(Photo by Nathan Rupert)
Mobile phone chipmaker Qualcomm Inc.’s proposed $47 billion acquisition of NXP Semiconductors NV has some significance besides being called the largest semiconductor deal in history.
The transaction is also the first major deal that M&A heavyweight Scott Barshay has advised on since leaving Cravath, Swaine & Moore in April to join Paul, Weiss, Rifkind, Wharton & Garrison. Barshay’s role on the deal represents the first time that Paul Weiss has advised Qualcomm, a San Diego-based producer of semiconductors and other equipment used in the telecommunications sector.
Qualcomm has been a Cravath client for years. Before he left the firm, Barshay advised Qualcomm on its $3.1 billion acquisition in 2011 of chipmaker Atheros Communications Inc. Evan Chesler, a former presiding partner at Cravath, also took the lead for Qualcomm during its three-year patent dispute with Finnish cell phone giant Nokia Oyj, which settled in 2008.
Cravath was not excluded from the Qualcomm deal announced Thursday with Eindhoven, Netherlands-based NXP. The firm is counseling Qualcomm on financing and antitrust matters, with corporate department managing partner George “Jed” Zobitz, finance partner Scott Bennett, litigation partner Yonatan Even and antitrust partner Christine Varney taking lead roles. (Varney, who joined Cravath in 2011, is also currently advising longtime Cravath client Time Warner Inc. on its $108.7 billion takeover bid from AT&T Inc.)
Besides Barshay, Paul Weiss’s deal team for Qualcomm includes corporate partner Steven Williams and tax co-chair Jeffrey Samuels. DLA Piper’s U.S. co-chair Cameron “Jay” Rains is representing Qualcomm’s board of directors along with public company and corporate governance chair Douglas Rein and corporate and technology partner Jeff Baglio. Alex Rogers, a former partner at DLA Piper predecessor firm Gray, Cary, Ware & Friedenrich, was promoted earlier this month to serve as executive vice president of technology and licensing at Qualcomm.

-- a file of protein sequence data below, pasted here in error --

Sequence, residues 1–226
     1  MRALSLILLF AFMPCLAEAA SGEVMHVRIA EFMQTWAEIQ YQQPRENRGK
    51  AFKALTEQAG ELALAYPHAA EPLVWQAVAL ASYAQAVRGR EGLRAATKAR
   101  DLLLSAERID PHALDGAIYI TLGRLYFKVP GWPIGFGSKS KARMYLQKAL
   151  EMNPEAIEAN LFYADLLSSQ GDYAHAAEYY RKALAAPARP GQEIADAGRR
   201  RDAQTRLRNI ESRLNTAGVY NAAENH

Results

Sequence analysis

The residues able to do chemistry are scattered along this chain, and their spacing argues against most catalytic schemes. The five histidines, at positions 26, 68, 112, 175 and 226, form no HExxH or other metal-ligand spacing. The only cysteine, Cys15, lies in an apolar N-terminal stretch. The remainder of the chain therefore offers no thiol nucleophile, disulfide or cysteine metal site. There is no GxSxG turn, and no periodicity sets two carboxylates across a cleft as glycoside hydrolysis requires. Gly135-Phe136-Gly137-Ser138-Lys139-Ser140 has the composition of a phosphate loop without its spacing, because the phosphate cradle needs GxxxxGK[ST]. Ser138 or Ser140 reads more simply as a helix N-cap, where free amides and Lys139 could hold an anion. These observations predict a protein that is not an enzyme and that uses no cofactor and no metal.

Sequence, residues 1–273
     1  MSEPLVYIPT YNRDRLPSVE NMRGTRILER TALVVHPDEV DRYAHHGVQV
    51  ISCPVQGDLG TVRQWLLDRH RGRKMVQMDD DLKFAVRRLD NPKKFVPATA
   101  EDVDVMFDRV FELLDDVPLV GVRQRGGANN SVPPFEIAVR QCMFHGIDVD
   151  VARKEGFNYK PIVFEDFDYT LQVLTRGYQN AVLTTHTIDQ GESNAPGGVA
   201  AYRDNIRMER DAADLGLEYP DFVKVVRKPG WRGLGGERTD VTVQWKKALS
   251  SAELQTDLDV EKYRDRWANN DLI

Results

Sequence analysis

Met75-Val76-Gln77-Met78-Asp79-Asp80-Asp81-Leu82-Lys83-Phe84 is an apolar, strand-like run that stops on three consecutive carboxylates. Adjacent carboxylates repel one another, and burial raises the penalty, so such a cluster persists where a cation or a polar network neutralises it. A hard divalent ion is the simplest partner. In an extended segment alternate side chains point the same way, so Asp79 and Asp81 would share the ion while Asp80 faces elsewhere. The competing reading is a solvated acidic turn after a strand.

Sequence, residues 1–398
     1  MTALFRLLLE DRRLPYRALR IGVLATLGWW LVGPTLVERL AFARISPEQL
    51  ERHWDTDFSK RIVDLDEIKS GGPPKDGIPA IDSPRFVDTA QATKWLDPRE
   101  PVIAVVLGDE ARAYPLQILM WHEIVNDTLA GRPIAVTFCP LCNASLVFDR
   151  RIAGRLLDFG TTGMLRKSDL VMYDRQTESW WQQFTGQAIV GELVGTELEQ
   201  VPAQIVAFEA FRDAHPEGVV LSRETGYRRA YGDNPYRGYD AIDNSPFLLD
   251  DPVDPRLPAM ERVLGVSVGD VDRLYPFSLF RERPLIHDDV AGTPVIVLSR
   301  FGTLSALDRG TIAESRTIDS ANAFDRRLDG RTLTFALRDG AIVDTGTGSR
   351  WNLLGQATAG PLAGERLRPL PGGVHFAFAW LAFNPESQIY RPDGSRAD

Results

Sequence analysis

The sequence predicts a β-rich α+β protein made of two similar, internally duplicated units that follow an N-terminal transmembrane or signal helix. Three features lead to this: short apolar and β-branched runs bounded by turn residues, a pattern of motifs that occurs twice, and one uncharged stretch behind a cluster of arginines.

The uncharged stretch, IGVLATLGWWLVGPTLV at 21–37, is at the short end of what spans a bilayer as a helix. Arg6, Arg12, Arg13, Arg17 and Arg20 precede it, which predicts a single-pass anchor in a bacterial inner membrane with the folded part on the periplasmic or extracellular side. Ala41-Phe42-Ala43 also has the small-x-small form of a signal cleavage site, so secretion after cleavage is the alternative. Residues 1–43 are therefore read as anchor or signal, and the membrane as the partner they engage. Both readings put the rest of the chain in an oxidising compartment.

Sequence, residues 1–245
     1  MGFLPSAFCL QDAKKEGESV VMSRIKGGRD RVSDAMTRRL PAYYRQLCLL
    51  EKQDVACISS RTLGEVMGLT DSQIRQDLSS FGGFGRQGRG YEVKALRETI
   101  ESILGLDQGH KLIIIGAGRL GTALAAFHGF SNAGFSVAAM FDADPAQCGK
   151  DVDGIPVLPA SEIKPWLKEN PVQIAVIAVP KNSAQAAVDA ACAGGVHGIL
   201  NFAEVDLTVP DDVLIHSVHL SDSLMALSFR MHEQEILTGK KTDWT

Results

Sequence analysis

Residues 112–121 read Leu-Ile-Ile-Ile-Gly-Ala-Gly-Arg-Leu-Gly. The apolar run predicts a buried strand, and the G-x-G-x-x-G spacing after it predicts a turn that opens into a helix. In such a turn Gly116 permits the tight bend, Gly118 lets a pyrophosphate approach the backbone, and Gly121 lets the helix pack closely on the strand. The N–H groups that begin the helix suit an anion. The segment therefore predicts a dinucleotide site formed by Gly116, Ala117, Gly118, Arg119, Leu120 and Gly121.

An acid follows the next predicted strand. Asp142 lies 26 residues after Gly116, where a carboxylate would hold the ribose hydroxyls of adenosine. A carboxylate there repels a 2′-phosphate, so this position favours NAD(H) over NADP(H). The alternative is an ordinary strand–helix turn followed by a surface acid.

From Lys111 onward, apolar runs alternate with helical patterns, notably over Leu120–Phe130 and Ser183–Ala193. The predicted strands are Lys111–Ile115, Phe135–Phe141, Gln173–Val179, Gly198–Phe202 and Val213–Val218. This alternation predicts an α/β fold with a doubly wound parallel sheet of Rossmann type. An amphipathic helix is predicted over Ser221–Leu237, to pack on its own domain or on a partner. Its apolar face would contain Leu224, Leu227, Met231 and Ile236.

Allen & Overy is advising Qualcomm on Dutch legal matters through corporate partner Christiaan de Brauw and tax partner Godfried Kinnegim. Qualcomm’s general counsel is Donald Rosenberg. Clark Randt Jr., a former partner and head of the China practice at Shearman & Sterling, serves as an independent member of the company’s board of directors. Shearman & Sterling is serving as European antitrust counsel to Qualcomm through partners Miguel Rato and Stephen Mavroghenis in Brussels, both of whom agreed to stay at the firm earlier this month.
As for NXP, the company is being advised by a team of lawyers from Skadden, Arps, Slate, Meagher & Flom that includes M&A partners Allison Schneirov, Kenton King and Alexandra McCormack, antitrust partners Steven Sunshine, Ingrid Vandenborre and Maria Raptis, executive compensation partner Regina Olshan, tax partner Gavin White and corporate finance partner Laura Belkhayat. De Brauw Blackstone Westbroek, a leading Dutch firm, is also representing NXP on the Qualcomm deal.
Jones Day is counseling Qatalyst Partners in its role as financial adviser to NXP. The Jones Day team included M&A partners Ferdinand Mason, James Dougherty and Daniel Mitz and litigation partner Stephen Hibbard, who joined the firm in February from Shearman & Sterling. NXP’s general counsel is Guido Dierick.
Despite losing Barshay earlier this year, Cravath has recently grabbed lead roles on several notable M&A deals, including counseling Time Warner on its proposed acquisition by AT&T and advising British American Tobacco plc on its $47 billion cash-and-stock bid to buy the remaining 57.8 percent stake of Reynolds American Inc. that it does not already own. Cravath also helped longtime client International Business Machines Corp. pick up Promontory Financial Group earlier this month.